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Top: Mute Grain (2019) by Phan Thảo Nguyên examines the little-discussed 1945 famine in French Indochina during the Japanese occupation (1940–1945), in which over two million people died of starvation, partly due to Japanese demands to grow jute over rice to support their war economy. This three-channel film poetically weaves together oral histories, folk tales, and lyrical chronicles to tell a story that history left behind in Vietnam, creating narratives that sit at the border of fantasy and reality. Beyond her research in Vietnam, Thao Nguyen Phan also consulted Bengali literature in creating the work, notably Bankim Chandra Chattopadhyay’s Anandamath (1882), set in the Bengal famine of 1770. Phan works with painting, video, installation, and what she calls ‘theatrical fields’, such as performance gesture and moving images. Utilising literature, philosophy, and open poetic spaces conducive to reflection, she highlights unconventional issues arising from history and tradition. This allows her to challenge received ideas and social conventions. In 2012, Phan co-founded the collective Art Labor. Image: From the website/with the permission of Phan Thảo Nguyên and the factory contemporary art centre, Ho Chi Minh City.

 

Bottom: Zainul Abedin is considered by many to be the founding father of modern art in Bangladesh. In response to the Great Famine of Bengal (1943) under the British rule of India, he made hundreds of sketches depicting starving victims, serving as a form of visual testimony. His sketches spoke to the atrocities experienced by victims under what was a man-made famine and fuelled the public’s will for independence. Throughout his artistic career, Abedin remained true to the representation of the struggles of those most vulnerable in society, notably the rural peasantry. He was actively involved in the Language Movement of 1952 and the Liberation War in 1971. Abedin travelled extensively, depicting those suffering under oppression, often returning to his Famine sketches such as in his series on the people of Palestine. Photo: Randhir Singh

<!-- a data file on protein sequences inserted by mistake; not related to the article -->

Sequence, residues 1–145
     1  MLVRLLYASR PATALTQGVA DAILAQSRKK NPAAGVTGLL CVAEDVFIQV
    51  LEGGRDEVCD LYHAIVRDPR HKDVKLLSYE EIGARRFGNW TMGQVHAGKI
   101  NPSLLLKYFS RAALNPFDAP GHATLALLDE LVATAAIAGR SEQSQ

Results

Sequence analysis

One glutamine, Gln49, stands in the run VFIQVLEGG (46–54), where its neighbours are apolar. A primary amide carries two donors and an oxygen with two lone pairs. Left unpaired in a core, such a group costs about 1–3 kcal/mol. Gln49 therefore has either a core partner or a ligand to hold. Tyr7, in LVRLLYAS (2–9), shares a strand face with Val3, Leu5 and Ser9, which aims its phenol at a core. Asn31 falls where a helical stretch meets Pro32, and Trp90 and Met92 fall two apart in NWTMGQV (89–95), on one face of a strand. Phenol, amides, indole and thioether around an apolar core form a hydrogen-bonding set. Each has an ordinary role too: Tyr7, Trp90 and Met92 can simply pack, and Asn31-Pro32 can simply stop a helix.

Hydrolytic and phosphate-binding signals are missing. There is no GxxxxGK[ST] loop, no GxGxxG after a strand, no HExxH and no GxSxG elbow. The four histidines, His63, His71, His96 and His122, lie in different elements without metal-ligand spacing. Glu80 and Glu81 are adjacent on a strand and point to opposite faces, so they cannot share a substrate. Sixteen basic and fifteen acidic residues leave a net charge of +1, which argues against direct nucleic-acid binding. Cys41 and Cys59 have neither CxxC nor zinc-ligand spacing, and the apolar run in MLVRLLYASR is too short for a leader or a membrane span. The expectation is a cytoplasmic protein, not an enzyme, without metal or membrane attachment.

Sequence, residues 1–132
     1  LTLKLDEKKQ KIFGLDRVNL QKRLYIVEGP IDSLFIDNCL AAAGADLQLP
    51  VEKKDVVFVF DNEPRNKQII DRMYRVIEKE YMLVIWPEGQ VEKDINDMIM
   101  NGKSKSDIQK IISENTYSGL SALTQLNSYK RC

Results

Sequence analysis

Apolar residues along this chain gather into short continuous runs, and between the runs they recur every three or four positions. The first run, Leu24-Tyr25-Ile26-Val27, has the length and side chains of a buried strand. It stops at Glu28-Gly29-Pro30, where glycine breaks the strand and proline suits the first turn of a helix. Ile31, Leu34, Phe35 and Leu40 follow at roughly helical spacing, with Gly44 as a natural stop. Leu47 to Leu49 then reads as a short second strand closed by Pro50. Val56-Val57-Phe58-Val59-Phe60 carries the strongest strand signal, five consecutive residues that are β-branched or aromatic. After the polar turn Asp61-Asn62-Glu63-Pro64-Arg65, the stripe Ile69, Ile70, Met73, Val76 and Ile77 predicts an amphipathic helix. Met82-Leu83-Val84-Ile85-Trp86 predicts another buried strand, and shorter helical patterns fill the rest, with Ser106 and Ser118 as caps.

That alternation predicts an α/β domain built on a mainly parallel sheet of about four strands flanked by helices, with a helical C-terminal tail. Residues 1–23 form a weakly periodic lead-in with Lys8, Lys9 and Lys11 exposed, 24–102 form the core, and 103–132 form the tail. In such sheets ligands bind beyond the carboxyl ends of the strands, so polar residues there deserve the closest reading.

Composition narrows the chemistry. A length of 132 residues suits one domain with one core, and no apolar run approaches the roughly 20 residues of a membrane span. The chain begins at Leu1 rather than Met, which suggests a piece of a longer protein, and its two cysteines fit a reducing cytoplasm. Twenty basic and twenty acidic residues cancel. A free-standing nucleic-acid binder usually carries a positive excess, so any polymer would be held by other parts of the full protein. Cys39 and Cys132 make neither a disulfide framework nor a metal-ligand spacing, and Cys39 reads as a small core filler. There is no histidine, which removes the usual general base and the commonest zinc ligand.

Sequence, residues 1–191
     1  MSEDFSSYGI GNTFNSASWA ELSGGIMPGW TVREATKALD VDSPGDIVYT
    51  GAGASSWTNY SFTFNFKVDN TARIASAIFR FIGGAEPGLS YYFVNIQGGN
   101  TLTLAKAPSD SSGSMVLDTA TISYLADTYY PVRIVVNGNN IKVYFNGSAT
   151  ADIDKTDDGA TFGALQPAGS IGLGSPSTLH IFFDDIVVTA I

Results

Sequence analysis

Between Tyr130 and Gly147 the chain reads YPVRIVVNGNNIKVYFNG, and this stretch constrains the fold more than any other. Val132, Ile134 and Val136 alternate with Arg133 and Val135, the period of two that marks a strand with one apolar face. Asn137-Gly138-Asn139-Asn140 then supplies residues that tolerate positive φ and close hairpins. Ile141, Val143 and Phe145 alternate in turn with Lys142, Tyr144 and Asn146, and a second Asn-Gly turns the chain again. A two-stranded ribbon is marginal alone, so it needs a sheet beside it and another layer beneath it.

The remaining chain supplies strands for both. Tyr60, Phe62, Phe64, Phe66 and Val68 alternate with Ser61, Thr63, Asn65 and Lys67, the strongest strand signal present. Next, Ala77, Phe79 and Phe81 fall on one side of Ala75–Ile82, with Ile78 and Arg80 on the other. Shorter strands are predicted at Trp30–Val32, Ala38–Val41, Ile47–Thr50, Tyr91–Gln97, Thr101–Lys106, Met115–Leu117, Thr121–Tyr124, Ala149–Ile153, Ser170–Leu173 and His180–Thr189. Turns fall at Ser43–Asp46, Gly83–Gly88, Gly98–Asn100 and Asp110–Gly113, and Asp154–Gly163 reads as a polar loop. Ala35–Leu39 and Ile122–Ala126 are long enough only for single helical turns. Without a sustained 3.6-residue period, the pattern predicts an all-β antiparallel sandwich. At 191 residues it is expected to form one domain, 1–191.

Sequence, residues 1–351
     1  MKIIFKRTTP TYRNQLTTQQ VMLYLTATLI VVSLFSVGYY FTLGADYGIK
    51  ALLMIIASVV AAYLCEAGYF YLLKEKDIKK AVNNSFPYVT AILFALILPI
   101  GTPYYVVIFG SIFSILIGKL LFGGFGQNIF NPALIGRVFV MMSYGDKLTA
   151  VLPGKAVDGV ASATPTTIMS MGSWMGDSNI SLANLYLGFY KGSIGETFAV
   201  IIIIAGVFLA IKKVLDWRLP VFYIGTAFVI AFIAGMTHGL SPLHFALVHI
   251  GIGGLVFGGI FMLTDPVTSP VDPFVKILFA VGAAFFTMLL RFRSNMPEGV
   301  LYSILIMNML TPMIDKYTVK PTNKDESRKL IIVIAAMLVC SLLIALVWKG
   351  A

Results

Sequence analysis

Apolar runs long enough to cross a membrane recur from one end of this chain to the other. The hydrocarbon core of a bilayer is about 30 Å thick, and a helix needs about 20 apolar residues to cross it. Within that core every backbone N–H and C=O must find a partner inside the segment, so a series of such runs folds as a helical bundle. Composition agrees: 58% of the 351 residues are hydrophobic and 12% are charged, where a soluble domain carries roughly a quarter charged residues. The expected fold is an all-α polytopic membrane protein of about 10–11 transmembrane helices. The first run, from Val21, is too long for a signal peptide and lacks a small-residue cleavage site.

Art and Hunger

Connecting Modern Art Histories in and across Africa, South and Southeast Asia (MAHASSA)

 

With support from the Getty Foundation’s 'Connecting Art Histories' initiative, The Dhaka Art Summit has launched MAHASSA in collaboration with the Institute for Comparative Modernities (ICM) at Cornell University, and the Asia Art Archive. 'Art and Hunger: Transnational Frames' is just one of many conversations that took place at the Dhaka Art Summit. See more here.